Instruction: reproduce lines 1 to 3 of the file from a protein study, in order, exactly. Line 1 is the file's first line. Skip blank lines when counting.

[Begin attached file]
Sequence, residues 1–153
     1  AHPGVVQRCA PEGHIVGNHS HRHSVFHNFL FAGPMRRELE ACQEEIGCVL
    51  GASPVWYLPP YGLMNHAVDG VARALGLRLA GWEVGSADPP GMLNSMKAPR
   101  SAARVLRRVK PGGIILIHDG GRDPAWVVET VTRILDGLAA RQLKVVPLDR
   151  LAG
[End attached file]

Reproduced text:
Sequence, residues 1–153
     1  AHPGVVQRCA PEGHIVGNHS HRHSVFHNFL FAGPMRRELE ACQEEIGCVL
    51  GASPVWYLPP YGLMNHAVDG VARALGLRLA GWEVGSADPP GMLNSMKAPR